motione participant Arts, media and Engineering

computer screens

in the words of the creators

Curtis Bahn

The soundworld for "How Long..." is drawn primarily from unaltered recordings of the sound of piano strings plucked with the fingers or tapped with soft mallets. Additional sounds are composed of natural recordings of small percussion instruments from around the world.
Improvisations using these sound sources were edited to create hundreds of small phrases lasting between about 1/2 second to 2 or 3 seconds. Sonic transformations of these basic sound sources makes an additional layer, almost a distant horizon, of sonic texture. In performance, the short phrases and their transformations are articulated through a computer program combining traditional compositional methods with live interactive control.

Trisha Brown's choreography does not often underscore surface relationships between musical gesture and dance. Rather she focuses on deeper more subtle relationships of musical texture and compositional development combining her musical studies and choreographic genius into a subtle dance of sound, silence and movement. In "How Long..." we have attempted to honor this approach in an interactive context where the relationships highlighted by the analytical data from the motion capture are used to create deep, and maybe often unobservable, relationships between movement and media. Yet, the movement breathes life into the media making it a live and constantly changing kaleidoscope of organic shapes and textures.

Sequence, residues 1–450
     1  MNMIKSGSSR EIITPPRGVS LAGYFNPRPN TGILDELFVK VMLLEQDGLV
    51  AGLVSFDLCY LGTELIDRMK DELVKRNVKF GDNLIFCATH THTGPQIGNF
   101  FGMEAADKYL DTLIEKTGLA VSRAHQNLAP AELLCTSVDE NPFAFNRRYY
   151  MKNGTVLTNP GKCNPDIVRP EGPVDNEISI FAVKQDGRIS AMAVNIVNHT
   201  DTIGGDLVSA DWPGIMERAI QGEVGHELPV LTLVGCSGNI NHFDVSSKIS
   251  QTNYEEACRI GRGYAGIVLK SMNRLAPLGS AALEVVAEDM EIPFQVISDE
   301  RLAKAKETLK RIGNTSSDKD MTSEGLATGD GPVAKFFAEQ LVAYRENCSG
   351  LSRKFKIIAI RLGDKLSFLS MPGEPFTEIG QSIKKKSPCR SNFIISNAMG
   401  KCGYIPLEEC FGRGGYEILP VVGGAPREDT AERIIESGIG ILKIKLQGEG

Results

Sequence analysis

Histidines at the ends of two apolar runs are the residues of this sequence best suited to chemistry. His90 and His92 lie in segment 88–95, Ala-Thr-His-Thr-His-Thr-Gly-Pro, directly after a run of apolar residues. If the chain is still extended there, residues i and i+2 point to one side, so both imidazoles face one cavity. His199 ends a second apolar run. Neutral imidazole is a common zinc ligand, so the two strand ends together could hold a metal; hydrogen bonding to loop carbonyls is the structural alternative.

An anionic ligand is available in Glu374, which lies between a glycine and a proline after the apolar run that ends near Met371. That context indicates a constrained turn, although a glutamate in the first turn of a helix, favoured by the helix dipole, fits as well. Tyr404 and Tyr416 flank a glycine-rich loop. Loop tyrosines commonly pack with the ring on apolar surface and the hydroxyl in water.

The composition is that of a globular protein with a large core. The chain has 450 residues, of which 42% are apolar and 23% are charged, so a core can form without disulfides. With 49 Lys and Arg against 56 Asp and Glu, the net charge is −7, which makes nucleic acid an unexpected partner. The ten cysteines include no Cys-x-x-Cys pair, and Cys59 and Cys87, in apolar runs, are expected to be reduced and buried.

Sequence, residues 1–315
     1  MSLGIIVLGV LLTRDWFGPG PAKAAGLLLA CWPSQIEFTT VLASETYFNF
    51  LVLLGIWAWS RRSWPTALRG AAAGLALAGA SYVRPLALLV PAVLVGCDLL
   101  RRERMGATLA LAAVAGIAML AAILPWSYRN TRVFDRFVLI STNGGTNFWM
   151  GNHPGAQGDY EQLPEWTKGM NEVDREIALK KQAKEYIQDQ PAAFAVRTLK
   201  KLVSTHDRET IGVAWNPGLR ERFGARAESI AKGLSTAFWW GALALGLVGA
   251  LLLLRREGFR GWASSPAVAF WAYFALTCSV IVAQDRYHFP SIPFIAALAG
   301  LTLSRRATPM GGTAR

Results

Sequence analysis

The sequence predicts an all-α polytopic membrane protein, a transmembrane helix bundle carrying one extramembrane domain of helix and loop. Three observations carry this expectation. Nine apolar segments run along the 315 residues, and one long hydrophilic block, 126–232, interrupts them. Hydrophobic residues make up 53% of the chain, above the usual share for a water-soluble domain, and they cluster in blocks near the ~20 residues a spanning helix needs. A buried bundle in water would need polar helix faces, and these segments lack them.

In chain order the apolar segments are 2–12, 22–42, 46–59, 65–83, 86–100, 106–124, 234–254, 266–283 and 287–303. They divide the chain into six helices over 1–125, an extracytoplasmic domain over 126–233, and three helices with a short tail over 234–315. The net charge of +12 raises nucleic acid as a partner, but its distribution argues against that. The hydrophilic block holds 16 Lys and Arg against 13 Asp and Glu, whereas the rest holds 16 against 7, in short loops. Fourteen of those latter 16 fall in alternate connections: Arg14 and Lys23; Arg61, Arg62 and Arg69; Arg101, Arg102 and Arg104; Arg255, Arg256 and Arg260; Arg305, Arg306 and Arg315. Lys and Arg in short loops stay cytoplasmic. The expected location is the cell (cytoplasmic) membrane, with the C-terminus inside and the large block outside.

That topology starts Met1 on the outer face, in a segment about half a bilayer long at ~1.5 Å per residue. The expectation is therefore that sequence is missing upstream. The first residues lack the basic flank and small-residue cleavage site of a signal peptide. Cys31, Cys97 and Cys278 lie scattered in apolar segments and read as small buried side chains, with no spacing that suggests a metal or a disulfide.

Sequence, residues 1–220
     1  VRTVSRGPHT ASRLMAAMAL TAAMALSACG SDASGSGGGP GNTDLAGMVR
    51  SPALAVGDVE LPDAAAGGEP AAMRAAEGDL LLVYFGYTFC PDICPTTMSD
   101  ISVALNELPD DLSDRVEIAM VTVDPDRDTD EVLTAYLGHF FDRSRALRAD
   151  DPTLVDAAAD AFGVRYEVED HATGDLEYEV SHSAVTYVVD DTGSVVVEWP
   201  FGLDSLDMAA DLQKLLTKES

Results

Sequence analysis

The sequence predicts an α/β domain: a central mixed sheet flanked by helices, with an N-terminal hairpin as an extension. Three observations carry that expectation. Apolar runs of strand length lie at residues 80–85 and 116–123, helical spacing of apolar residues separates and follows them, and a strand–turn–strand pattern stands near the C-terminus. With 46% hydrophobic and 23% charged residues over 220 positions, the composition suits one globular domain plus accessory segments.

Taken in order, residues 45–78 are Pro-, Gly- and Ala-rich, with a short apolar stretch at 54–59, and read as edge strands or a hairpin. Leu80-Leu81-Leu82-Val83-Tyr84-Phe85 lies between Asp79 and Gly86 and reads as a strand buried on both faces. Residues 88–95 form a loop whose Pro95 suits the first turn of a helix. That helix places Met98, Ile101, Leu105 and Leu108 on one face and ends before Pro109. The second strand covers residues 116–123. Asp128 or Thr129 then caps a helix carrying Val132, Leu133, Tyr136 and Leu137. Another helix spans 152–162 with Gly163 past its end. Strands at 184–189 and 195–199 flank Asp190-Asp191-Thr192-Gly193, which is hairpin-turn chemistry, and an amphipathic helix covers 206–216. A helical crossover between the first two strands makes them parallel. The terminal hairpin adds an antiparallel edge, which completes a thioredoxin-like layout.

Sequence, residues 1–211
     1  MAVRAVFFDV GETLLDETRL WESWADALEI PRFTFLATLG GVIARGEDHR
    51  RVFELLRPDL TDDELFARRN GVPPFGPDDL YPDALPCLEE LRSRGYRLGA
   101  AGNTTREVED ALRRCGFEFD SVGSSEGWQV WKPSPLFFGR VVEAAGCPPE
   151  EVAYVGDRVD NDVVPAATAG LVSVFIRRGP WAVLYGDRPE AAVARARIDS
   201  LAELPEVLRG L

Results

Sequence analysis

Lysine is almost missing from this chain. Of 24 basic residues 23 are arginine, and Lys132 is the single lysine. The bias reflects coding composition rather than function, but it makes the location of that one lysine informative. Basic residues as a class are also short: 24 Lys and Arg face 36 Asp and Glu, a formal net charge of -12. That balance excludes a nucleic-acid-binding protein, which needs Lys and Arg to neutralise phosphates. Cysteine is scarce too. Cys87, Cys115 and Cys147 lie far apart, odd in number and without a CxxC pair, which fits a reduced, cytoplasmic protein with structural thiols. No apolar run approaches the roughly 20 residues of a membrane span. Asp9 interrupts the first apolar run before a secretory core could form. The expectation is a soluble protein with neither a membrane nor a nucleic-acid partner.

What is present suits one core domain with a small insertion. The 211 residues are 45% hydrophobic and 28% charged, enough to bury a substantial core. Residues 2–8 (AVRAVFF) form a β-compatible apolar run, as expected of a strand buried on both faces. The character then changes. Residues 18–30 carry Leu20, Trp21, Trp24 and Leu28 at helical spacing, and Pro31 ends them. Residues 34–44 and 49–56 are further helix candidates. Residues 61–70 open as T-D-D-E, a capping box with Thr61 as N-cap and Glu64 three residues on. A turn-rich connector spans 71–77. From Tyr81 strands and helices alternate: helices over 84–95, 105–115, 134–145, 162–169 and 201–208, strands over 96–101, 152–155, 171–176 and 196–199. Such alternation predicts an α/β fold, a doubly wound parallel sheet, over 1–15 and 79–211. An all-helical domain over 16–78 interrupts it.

The result almost places the listener inside of an enormous imaginary piano. I have attempted to keep the sound natural, with plenty of space left to reveal the organic shapes and movement in Trisha Brown's choreography, and the evolving graphics on screen. Part of the challenge being my desire to keep basic relationships and esthetics of sound, silence and movement in a highly technological context.

The interactive system for real-time sound generation for "How Long . . ." is based upon a compositional computer program by Curtis Bahn using the application MAX/MSP by cycling74. Custom software was written by Todd Ingalls to connect the output of the custom dance analysis system and the MAX/MSP programming environment. The MAX/MSP environment allows an easy graphical interface for creating algorithmic relationships between movement and sound; calculating and articulating them in real-time during the performance. The recorded sounds and sounds transformations are generated based on movement
activity and spatial relationships of the dancers. Each performance is drawn from the sameset of hundreds of basic sounds, transformations and relationships, however, the way in which these elements are combined and articulated is always different.

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The Katherine K. Herberger College of Fine Art and the Ira A. Fulton School of Engineering at Arizona State University.
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